If you are like me and root for the underdog then you may find this book appealing. The main character of this book is Ayyan Mani, a Dalit father, spouse and clerk at a physics institute in Mumbai. Despite the ‘serious’ in the title the book is actually quite comedic. One of the ways in which Mani wanted to “strike back” at India’s ruling Brahmins was to donate sperm— hoping that Brahmins would purchase his seed and sprout little Dalit babies! Much of the book revolves around his desire to make his one and only son famous for being a genius. His little Adi has been born into a very modest home and has few prospects for ever climbing higher than his father, despite the fact that Mani is a member of MENSA and has a very high IQ.
The physics’ institute’s characters and their professional and personal lives take up another chunk of the story. We meet arrogant, brilliant men who think about extra terrestrials and fight about sending balloons into space to see if life drops down from outer space. When the first woman joins the research team, this hitherto all-male bastion changes in unpredictable ways.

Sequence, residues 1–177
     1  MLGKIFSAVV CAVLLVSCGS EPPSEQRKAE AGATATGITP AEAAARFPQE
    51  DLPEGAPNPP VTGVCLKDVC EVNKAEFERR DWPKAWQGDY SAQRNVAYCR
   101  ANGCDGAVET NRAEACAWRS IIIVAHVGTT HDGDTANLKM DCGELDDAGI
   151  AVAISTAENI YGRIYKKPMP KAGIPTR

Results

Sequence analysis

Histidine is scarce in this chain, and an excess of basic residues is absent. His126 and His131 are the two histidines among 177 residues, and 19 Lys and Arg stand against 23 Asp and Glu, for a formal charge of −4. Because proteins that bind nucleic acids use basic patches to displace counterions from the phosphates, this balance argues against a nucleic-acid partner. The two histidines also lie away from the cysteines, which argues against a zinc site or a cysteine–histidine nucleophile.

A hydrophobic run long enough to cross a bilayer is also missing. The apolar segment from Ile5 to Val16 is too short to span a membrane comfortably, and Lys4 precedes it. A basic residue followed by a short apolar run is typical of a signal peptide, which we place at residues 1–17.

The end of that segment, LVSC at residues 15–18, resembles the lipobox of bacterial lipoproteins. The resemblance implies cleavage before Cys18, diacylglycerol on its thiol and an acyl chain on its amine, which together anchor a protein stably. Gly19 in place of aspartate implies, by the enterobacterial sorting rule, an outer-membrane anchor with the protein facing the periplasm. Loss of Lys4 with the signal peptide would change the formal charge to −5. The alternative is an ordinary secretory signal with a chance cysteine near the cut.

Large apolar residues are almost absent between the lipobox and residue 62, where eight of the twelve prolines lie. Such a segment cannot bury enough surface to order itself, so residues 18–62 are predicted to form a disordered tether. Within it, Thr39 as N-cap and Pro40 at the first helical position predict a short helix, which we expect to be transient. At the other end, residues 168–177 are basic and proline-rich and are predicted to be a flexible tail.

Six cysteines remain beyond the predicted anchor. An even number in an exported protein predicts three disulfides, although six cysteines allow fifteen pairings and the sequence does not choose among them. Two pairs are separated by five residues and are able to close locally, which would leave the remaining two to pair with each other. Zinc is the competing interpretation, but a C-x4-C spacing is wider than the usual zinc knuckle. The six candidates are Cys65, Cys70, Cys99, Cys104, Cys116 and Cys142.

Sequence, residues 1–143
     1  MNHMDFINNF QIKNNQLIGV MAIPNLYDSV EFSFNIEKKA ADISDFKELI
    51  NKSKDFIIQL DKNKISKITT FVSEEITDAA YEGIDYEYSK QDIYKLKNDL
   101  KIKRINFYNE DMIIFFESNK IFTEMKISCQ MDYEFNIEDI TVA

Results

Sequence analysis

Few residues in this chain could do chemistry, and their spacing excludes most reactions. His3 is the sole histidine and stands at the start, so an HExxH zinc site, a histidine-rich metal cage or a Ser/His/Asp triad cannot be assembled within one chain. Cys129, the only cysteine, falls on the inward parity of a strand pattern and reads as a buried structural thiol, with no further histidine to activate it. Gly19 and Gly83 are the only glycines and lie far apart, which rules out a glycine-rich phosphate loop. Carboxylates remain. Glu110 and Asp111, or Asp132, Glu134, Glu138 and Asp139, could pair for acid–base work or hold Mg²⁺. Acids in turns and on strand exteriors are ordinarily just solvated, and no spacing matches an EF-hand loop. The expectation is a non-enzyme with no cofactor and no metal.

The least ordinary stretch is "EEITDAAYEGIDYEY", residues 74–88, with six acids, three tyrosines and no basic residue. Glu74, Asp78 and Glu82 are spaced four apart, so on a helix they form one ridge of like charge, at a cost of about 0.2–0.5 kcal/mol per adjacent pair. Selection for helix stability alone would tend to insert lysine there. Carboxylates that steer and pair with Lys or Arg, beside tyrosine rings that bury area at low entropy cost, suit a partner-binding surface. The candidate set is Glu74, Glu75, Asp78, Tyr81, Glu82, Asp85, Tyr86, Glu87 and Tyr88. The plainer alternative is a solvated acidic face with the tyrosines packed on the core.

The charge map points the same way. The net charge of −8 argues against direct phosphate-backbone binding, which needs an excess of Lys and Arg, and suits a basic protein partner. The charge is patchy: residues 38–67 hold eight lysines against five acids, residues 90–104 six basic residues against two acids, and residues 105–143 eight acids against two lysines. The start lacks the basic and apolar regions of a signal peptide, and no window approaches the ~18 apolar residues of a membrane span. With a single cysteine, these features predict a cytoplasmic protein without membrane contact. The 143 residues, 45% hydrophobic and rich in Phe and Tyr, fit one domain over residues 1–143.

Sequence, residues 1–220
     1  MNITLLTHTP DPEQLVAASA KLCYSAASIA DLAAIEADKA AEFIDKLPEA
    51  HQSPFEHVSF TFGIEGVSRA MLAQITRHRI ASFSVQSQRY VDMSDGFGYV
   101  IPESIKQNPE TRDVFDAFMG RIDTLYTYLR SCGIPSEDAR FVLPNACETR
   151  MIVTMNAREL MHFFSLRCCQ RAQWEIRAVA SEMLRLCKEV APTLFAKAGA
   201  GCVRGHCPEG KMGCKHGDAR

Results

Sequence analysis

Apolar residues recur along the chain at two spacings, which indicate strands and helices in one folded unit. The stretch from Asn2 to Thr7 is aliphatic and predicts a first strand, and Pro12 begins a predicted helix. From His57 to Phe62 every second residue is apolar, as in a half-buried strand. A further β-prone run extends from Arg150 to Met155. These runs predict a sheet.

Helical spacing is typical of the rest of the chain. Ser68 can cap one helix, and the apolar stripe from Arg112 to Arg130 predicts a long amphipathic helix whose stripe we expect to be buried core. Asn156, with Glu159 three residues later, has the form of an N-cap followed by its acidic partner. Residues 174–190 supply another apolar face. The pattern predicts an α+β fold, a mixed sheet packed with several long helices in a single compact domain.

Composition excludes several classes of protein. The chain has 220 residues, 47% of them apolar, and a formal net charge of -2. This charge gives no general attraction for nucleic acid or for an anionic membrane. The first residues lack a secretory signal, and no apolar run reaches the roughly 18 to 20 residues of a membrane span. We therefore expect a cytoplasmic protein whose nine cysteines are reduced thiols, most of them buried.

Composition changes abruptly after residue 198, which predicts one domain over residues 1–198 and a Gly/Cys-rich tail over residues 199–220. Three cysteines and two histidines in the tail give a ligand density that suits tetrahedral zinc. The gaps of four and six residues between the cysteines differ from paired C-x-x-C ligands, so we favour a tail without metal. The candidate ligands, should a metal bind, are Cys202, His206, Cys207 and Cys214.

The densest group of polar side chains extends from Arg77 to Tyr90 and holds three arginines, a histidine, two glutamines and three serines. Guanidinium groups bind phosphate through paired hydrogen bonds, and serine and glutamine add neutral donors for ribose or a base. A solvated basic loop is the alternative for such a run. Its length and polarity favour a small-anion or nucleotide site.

All in all this is a great read albeit slow and rather dull in a few places. Joseph is generally a talented story teller. While his male characters are well developed the women in his book lack believability in some ways and in other ways they are stereotyped as not very interesting people.
The front cover, with a friendly and colourful image of Lord Shiva and his son Ganesha, caught my eye. I’m glad I picked it up and took it home. For part of the time, our 12 year old Zubin and me read the book aloud and enjoyed the fun together. Joseph takes on the heavy theme of caste discrimination and weaves a tale that is light yet provocative.